Students will now have an opportunity to look at another program designed to support girls like them. Watch the video "Sisters Rising 9 month Program," which is about the work of the Center for Young Women’s Development, a peer-to-peer education and support program for at-risk girls in San Francisco. Discuss the video with students using these guiding questions: * What type of program is Sisters Rising? What did you like about the program? * The video talks about the trauma that participants experience. What are some examples? What is the reality of trauma for participants? * Melanie, the project coordinator, talks about the distinction in how we deal with trauma. How does she suggest we deal with trauma? Do you agree? * What impact does the program seem to be having on participants? Would you be willing to participate in this type of program?
Activity: Phone call role-play
Accessing resources often means making phone calls to get more information and to make an appointment. Sometimes this step alone is an obstacle for teens who may fear public speaking and new situations or who have trouble taking the extra steps needed to accomplish a goal.
In this activity, students will work in pairs and role-play such a phone call. One student will play the director of a known local program and the other student will play a teen interested in learning more about the program. As students are performing, make notes on the board about what works and what doesn’t in terms of an effective phone call. Encourage students playing the director to offer challenges such as putting the student on hold, sounding like she doesn’t have much time, being unfriendly, or putting the student on the spot. After all role-plays are complete, review the notes on the board and praise students for participating in what might have been a challenging activity.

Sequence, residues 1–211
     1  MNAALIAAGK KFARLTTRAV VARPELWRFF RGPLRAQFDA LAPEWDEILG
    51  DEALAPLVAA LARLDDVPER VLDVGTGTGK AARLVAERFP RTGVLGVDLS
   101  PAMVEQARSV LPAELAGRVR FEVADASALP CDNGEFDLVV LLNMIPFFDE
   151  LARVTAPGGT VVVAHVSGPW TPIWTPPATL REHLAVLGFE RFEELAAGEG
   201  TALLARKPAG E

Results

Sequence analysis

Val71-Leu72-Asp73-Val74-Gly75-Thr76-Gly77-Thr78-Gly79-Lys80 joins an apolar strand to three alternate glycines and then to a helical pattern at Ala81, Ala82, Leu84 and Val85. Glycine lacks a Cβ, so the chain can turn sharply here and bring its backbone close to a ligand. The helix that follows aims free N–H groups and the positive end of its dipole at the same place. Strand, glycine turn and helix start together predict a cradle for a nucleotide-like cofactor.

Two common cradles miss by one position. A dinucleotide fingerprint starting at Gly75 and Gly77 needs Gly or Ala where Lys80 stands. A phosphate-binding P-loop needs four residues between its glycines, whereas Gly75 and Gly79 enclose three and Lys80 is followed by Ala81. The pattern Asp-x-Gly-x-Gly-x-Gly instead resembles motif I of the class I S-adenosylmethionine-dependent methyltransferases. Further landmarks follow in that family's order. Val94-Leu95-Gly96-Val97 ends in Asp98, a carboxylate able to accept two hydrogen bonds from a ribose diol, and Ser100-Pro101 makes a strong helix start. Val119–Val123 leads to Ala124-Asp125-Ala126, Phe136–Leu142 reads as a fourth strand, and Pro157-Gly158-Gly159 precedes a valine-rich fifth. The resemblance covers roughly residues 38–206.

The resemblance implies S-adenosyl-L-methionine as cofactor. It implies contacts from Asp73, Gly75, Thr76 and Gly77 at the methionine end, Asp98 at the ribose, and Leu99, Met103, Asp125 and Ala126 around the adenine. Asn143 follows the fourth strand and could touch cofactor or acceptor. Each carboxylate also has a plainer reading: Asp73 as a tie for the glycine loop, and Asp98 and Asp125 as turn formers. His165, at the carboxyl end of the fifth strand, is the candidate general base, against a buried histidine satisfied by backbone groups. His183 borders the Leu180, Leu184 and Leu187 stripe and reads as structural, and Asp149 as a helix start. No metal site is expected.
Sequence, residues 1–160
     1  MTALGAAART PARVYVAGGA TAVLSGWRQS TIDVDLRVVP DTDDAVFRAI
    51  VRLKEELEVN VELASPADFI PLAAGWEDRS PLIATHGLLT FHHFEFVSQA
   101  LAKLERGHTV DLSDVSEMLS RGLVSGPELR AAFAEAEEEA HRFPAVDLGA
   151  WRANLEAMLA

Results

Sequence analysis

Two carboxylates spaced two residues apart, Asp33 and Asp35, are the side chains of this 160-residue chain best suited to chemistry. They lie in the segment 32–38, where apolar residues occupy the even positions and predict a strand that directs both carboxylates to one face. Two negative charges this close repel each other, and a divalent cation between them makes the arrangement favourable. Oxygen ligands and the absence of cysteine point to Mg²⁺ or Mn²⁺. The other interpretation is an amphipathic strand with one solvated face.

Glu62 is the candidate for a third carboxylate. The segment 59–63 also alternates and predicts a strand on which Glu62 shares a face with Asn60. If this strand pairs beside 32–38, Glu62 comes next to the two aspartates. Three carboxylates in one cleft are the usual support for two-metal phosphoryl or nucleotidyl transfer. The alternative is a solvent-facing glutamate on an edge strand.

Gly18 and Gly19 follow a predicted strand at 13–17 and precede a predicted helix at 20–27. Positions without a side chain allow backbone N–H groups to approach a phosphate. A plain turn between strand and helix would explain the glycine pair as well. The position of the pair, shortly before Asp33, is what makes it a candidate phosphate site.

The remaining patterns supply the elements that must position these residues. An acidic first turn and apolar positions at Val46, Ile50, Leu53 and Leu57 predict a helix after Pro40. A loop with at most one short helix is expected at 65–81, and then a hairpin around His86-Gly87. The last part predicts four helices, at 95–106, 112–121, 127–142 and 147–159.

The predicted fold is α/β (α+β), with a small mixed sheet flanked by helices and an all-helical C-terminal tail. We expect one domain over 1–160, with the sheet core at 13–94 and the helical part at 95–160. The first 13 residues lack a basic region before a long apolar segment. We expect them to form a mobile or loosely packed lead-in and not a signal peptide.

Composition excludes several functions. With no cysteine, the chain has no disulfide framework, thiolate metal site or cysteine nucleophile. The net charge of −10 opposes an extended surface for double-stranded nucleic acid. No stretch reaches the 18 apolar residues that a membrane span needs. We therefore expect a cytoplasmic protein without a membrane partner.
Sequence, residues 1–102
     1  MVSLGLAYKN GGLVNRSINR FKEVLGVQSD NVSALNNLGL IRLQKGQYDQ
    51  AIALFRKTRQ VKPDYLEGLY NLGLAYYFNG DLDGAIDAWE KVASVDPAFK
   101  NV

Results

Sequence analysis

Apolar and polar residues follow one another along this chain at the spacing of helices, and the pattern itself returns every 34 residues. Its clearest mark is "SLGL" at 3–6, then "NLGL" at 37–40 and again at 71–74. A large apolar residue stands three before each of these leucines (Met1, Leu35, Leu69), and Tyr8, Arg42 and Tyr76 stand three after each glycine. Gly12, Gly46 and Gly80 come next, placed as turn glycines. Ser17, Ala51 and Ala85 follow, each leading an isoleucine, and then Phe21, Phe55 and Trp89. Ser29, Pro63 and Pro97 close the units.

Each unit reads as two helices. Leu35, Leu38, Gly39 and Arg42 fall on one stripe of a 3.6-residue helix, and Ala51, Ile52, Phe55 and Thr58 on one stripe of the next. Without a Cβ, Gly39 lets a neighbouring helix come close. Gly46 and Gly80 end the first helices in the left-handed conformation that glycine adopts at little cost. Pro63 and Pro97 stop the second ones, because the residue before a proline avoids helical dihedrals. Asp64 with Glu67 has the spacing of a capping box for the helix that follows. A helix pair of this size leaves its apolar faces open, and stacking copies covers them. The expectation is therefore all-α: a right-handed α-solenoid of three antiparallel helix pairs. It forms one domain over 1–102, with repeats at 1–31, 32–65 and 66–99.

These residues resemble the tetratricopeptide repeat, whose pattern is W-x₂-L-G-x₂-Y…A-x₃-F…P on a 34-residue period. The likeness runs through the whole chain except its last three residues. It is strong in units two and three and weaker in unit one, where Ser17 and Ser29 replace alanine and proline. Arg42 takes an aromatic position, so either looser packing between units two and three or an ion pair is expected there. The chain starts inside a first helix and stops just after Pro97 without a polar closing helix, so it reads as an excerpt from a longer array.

Assignment: Resource Fair: Matching Goals to Resources
There are a plethora of programs and resources for teens at the local as well as at the state and national levels. If anything, the challenge is to navigate that world and find the most appropriate resources.
In this assignment, students will return to the goals they listed above and match them with available resources at a class resource fair using "Student Handout D: Achieving Your Goals." This will likely require the instructor to provide outside materials on known programs and resources for teens. Students with internet access can conduct research themselves. It may be possible to invite people to come to class and make presentations about their programs. Students may also be invited to share knowledge they have about resources. Wrap up the assignment by having students attend a “resource mixer” where they meet and greet other students and share some of their goals and resources.
Have students design their own intervention program and accompanying program brochure or website. Students with internet access can use a digital media site like Flavors to create a website. Their design should include the following information: who they are trying to reach, what their program offers, what advantages their program has over others, what participants can expect to get out of their program, etc. Bring in examples of program brochures for students to reference. Remind them that some of the most successful programs started out small. Encourage them to think outside of the box to offer a unique program. For inspiration, students can check out these programs: